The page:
Charles Shaar Murray

Rebel Rebel

33 Revolutions per Minute: A History of Protest Songs

By

Faber & Faber 843pp £17.99 order from our bookshop

In 1972, National Lampoon released a satirical album called Radio Dinner. In one skit, Bob Dylan (viciously impersonated by Christopher Guest, later of Spinal Tap fame) voiced a commercial for a nostalgic compilation entitled Golden Protest. After singing, ‘The spangled dwarf in his bowtie/The infantry that don’t ask why’ (itself a fairly nifty parody of Dylan’s early lyric style), Guest’s dummy Dylan husks, ‘Remember those fabulous Sixties? The marches, the be-ins, the draft-card burnings … and, best of all, the music. Well, now Apple House has collected the finest of those songs on one album.’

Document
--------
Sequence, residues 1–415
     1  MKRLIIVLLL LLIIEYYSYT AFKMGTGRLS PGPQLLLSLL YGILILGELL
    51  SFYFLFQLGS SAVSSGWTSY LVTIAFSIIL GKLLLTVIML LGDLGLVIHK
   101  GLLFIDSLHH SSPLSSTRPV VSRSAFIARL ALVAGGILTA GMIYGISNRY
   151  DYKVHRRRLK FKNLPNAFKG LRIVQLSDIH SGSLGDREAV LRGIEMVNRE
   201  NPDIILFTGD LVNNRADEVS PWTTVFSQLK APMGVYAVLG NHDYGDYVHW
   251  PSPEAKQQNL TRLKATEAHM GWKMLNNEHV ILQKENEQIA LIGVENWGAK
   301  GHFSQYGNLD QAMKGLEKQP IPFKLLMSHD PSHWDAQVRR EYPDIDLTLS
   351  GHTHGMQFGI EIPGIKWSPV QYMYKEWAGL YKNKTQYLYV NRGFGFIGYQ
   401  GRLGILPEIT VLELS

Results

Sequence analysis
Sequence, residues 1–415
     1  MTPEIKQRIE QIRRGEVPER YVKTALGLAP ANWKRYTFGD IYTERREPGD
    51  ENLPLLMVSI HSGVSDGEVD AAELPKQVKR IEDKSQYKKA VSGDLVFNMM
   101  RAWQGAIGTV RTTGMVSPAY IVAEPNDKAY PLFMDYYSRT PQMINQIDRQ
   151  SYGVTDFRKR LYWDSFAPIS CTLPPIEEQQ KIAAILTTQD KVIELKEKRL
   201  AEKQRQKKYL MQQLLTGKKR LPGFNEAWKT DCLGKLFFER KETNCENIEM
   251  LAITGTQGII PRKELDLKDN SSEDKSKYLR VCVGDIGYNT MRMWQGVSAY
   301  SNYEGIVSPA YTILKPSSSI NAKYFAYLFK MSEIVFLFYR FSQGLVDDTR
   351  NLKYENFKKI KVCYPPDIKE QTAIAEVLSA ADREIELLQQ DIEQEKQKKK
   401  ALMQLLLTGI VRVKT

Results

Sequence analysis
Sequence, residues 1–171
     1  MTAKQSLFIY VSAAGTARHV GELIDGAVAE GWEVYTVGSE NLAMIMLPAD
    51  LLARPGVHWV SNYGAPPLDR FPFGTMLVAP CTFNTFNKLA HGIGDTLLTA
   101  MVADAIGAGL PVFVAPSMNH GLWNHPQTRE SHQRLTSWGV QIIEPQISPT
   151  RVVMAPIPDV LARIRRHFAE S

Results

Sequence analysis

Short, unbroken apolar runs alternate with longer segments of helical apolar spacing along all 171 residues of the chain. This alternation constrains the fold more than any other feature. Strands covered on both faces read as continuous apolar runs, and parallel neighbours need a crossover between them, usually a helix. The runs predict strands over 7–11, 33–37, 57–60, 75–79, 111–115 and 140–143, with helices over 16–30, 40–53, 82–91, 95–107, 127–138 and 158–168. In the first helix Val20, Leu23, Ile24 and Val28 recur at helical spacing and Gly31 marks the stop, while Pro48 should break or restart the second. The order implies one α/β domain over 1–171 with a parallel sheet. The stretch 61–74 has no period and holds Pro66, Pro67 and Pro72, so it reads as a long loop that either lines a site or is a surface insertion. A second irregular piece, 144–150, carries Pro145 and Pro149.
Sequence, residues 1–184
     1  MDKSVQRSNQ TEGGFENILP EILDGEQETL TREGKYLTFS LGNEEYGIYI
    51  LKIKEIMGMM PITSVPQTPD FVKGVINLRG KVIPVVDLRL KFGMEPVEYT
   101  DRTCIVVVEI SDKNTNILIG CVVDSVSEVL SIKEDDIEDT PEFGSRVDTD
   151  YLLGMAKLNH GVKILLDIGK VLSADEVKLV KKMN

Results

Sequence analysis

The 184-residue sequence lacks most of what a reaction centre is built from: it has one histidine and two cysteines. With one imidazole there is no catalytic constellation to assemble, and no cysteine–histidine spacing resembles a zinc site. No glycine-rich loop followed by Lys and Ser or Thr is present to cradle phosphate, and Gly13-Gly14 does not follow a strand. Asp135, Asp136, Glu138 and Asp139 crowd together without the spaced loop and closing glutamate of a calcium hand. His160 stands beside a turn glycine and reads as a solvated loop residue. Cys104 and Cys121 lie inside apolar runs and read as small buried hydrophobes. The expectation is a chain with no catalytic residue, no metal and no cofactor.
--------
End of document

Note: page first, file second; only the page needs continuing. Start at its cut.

Sign Up to our newsletter

Receive free articles, highlights from the archive, news, details of prizes, and much more.

Follow Literary Review on Twitter

  • Last Tweets

    • 'Full of invention which, at its most pedestrian, is eminently Victorian, and at its most unrestrained wildly imagi… ,
    • 'What in other hands could have been a dry, pedantic account of Christianity’s birth and evolution becomes in Holla… ,
    • RT : One of my favourite literary magazines is celebrating 40 years this year. Here is the September edition of… ,
    • 'Now that the Thames is too fast-flowing to freeze, its spirit’s devotees ... have found other climes for their pri… ,
    • 'Bythell glowers past his till at a world in slow free fall.' on the travails of a second-hand book… ,
    • 'It is a scent of animal wrath, of instinctive need, of brutal life which affects the cultured nostrils of our civi… ,
    • 'The day produced countless stories of chance, of people taking one route or another without realising that the dec… ,